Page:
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Is investing in ‘fallen angels' a worthwhile investment strategy?

by , 24 November 2015

One popular and successful investment strategy is momentum investing. This involves investing in shares that are soaring in value, making the most of the current trend.

Yet there are some investors who take the opposite approach to investing. This involves investing in shares that have dropped greatly in value and buying bonds downgraded to junk status.

So is this fallen angels' investment strategy worth pursuing?

Let's take a closer look…

What does the fallen angels’ investment strategy entail?

The basis of this investment strategy is that when a share price falls sharply, investors have a higher tendency to overreact. All the forced sellers in the market push the price down further letting fallen angel investors pick these shares up at rock bottom prices.
With bonds it means picking up lots of bonds the large institutions have had to sell due to their downgrading. Again, the sheer number of forced sellers pushes the price down.
Take the Bank of America Merrill Lynch Fallen Angels Index, Matthew Partridge in Money Week explains. It gave a total return of 199% between 2003 and 2015, that’s much higher than the performance of the Morningstar High Yield Bond Index.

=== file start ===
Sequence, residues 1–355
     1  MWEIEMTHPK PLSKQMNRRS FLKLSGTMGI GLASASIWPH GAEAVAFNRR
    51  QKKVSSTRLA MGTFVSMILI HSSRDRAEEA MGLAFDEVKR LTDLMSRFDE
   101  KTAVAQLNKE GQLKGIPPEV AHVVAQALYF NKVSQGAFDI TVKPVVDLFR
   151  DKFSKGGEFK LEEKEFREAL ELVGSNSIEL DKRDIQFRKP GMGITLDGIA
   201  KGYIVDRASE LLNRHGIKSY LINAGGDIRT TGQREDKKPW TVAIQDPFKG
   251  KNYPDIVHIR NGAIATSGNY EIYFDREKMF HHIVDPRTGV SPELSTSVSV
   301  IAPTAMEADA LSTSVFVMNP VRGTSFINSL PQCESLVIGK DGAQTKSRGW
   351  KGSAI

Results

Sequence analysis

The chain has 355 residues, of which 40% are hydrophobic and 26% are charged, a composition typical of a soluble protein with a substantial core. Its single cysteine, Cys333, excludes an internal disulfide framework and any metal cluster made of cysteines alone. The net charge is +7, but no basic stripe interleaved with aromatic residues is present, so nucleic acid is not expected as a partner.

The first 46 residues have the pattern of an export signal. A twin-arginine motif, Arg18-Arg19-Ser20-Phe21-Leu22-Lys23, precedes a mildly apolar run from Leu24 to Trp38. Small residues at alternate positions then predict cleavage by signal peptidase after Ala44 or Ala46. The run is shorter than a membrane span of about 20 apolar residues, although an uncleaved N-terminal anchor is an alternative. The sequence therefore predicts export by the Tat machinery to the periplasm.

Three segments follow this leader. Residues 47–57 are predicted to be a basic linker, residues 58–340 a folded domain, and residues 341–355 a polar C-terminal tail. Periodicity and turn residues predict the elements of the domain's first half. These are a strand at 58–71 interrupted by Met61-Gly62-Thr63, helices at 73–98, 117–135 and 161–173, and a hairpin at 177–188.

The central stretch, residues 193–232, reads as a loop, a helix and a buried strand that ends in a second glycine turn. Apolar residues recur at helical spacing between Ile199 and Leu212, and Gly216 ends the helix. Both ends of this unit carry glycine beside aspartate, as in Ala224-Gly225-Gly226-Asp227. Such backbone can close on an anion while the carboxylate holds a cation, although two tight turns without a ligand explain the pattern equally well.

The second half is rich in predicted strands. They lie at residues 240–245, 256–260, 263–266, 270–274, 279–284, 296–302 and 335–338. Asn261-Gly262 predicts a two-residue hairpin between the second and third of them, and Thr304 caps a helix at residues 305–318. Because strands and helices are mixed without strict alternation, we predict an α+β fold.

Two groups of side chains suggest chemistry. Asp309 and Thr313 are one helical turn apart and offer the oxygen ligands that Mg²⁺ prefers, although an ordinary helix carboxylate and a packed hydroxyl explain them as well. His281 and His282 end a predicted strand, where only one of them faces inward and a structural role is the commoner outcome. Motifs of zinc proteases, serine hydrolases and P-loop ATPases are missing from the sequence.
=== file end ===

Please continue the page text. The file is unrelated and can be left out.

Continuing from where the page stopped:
Doing this sort of investing isn’t easy, but there are funds on the market covering this style of investing. These funds include the Market Vectors Fallen Angel High Yield Corporate Bond ETF [NYSE:ANGL].
Going back to the stock market, research shows that there are merits to this fallen angels’ investment strategy. Over time, shares that haven’t done well will eventually will do better than those that have done well.

Does the fallen angels’ investment strategy work?

Take a study done by Werner De Bondt and Richard Thaler in 1985. They found portfolios holding the worst performing stocks over the past year tended to eventually beat the performance of the portfolios containing the best stocks.
But it’s not as simple as that. There are various things that can interfere with this performance. For instance, the strategy appears to work better at the end of the US tax year, but at other times of the year doesn’t work well.
To get by this problem, you can look to sectors and countries which have fallen in value to see if you can find any shares trading at bargain prices. 
So there you have it. Why investing in ‘fallen angels’ could be a worthwhile investment strategy.
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